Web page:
Editor's Picks

Participation in Online Group Legal Advertising Using Territorial Exclusivity [2013 Formal Ethics Opinion 10]

Participation in legal advertising services is permitted, as long as the service makes the appropriate disclosures “fully, accurately, and prominently."

View formal ethics opinion in full here.

The facts of this opinion involve a company that maintains a website providing group advertising services to lawyers.  This company owns various domains describing legal services (e.g. bankruptcy, divorce, etc.).  For a fee, a lawyer may obtain a license to advertise her services under one of the company’s domains.  The license is geographically exclusive, as the advertising provider will grant a license to only one attorney per zip code for each advertising domain.  This opinion addresses whether lawyers may participate in such advertising services.

Participation in services such as the one described above is permitted, as long as the service makes the following disclosures “fully, accurately, and prominently:”

  1. The service provides paid group advertising services to lawyers;
  2. The service is not a law firm and cannot provide legal advice;
  3. The service is not a referral service;
  4. The service neither recommends nor endorses a particular lawyer;
  5. The service does not vouch for the qualifications of participating lawyers; and
  6. Each participating lawyer is licensed to use the advertising site and has paid to be the sole lawyer listed for a particular zip code.

The above disclosures are necessary in order to alleviate “any concern about misleading members of the public.”  The disclosures must be truthful, and no fee sharing can occur between participating lawyers and the advertising provider.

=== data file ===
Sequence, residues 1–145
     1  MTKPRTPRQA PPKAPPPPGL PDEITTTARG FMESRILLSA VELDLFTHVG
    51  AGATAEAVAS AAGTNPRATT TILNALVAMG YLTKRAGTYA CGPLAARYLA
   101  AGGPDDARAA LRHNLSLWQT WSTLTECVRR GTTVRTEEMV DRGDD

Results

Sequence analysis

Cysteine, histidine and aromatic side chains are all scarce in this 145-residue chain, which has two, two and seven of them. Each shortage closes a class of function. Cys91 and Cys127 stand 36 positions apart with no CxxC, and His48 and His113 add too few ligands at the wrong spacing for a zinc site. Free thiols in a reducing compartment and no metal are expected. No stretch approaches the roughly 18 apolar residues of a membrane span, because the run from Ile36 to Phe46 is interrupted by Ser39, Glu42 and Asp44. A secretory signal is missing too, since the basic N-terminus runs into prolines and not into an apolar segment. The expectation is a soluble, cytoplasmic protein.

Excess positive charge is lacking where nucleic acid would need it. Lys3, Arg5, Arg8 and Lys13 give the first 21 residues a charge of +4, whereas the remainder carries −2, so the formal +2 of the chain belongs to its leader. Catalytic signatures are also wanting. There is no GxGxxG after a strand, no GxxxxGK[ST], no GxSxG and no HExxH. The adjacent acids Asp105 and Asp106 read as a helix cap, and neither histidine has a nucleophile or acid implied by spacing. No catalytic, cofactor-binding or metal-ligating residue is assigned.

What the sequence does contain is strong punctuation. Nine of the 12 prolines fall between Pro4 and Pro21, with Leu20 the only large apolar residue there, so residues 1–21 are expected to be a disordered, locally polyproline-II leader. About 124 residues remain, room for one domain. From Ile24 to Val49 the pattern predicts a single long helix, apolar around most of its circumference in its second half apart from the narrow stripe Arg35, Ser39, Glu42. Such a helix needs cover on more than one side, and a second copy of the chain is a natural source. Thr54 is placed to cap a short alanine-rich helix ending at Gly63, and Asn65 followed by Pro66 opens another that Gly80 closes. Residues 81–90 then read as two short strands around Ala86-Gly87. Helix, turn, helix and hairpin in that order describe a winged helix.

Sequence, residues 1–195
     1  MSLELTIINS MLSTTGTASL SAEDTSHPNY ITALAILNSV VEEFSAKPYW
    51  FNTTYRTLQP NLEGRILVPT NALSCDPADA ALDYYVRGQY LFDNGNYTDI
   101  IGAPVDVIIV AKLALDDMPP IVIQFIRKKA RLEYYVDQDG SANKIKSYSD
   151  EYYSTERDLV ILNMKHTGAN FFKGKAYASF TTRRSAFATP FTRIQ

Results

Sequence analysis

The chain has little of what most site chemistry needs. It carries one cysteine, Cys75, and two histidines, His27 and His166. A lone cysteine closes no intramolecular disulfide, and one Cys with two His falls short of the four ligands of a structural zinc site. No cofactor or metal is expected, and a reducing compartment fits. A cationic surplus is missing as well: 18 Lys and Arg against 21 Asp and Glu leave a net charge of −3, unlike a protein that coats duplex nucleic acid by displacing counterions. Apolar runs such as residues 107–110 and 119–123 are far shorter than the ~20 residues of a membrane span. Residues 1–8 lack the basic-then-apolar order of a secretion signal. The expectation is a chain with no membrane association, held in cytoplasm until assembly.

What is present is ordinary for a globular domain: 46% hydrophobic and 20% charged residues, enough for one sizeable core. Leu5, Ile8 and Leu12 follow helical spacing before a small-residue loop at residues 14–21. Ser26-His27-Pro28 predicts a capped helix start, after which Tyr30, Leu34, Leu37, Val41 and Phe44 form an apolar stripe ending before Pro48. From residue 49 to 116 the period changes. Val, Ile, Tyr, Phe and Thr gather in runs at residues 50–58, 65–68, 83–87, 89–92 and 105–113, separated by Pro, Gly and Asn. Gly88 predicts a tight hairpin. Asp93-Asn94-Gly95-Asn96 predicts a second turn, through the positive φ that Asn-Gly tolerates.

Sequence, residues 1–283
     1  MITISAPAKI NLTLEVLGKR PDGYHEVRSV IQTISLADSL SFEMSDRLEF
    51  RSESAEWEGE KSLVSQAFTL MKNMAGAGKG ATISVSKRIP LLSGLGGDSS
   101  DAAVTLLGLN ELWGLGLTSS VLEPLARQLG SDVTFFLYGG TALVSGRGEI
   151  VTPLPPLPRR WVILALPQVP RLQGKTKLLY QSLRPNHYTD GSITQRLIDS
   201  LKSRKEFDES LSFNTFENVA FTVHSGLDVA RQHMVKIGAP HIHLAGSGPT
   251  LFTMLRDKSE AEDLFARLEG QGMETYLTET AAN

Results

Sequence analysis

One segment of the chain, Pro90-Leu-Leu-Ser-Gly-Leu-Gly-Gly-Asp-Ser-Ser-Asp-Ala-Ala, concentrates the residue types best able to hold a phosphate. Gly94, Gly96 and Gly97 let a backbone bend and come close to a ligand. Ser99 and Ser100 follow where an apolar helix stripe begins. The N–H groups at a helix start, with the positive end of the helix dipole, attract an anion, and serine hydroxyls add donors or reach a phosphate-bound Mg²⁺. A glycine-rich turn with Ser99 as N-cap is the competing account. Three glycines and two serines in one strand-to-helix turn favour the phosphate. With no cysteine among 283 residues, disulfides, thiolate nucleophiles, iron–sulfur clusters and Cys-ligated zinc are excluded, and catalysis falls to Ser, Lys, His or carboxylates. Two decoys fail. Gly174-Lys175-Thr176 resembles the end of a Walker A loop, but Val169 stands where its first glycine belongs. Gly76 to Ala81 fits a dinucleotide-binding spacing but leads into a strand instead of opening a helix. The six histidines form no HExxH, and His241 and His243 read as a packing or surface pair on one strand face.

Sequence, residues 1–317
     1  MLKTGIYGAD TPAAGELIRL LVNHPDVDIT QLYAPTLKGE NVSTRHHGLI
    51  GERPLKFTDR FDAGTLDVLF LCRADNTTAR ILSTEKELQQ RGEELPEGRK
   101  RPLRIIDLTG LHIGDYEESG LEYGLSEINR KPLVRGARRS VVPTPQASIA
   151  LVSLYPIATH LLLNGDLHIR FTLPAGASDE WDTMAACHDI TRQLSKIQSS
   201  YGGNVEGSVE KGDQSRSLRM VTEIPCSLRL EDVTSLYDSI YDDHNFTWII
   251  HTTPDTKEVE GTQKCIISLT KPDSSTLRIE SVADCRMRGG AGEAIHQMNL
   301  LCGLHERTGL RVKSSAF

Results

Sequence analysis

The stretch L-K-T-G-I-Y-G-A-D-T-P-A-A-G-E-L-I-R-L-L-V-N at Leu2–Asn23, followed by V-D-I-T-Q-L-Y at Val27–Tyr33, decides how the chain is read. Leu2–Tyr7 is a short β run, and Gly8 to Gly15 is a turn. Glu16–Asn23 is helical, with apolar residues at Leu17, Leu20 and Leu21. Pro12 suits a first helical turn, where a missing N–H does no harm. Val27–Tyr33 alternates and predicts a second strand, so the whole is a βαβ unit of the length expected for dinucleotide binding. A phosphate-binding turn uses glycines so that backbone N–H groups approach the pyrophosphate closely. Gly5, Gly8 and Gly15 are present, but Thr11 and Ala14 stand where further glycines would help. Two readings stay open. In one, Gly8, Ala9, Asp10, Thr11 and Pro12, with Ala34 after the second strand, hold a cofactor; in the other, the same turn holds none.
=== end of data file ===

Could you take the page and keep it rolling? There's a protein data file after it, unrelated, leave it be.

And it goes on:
If you wish to respond or otherwise offer a guest contribution discussing this formal ethics opinion, please contact the ethics editor at culawobserver@email.campbell.edu.

Tripp Huffstetler, Senior Staff Writer
About Tripp Huffstetler, Senior Staff Writer (57 Articles)
Tripp Huffstetler served as the Senior Ethics Staff Writer for the Campbell Law Observer. He is originally from Cherryville, North Carolina. In 2011, Tripp graduated from the University of North Carolina at Chapel Hill with a bachelor’s degree in Philosophy as well as Political Science. During his undergraduate studies, Tripp spent summers assisting at a practice in his hometown of Cherryville. During law school he interned with the Hon. Kris Bailey, District Court Judge; Judge Paige Phillips, Wake County Magistrate; the Hon. Paul C. Ridgeway, Superior Court Judge; and the Wake County District Attorney's Office. He also assisted a local attorney in drafting a guide to interlocutory appeals, which will be published by the North Carolina Bar Association. Tripp graduated from Campbell Law School in May 2014.
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